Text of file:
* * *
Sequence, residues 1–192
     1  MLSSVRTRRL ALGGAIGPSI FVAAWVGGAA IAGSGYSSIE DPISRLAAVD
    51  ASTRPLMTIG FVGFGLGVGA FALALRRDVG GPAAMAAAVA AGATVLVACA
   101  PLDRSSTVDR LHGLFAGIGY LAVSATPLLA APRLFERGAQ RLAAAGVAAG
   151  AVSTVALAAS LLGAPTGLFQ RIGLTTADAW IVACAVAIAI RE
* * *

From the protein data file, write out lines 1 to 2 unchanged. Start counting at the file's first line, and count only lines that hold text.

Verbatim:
Sequence, residues 1–192
     1  MLSSVRTRRL ALGGAIGPSI FVAAWVGGAA IAGSGYSSIE DPISRLAAVD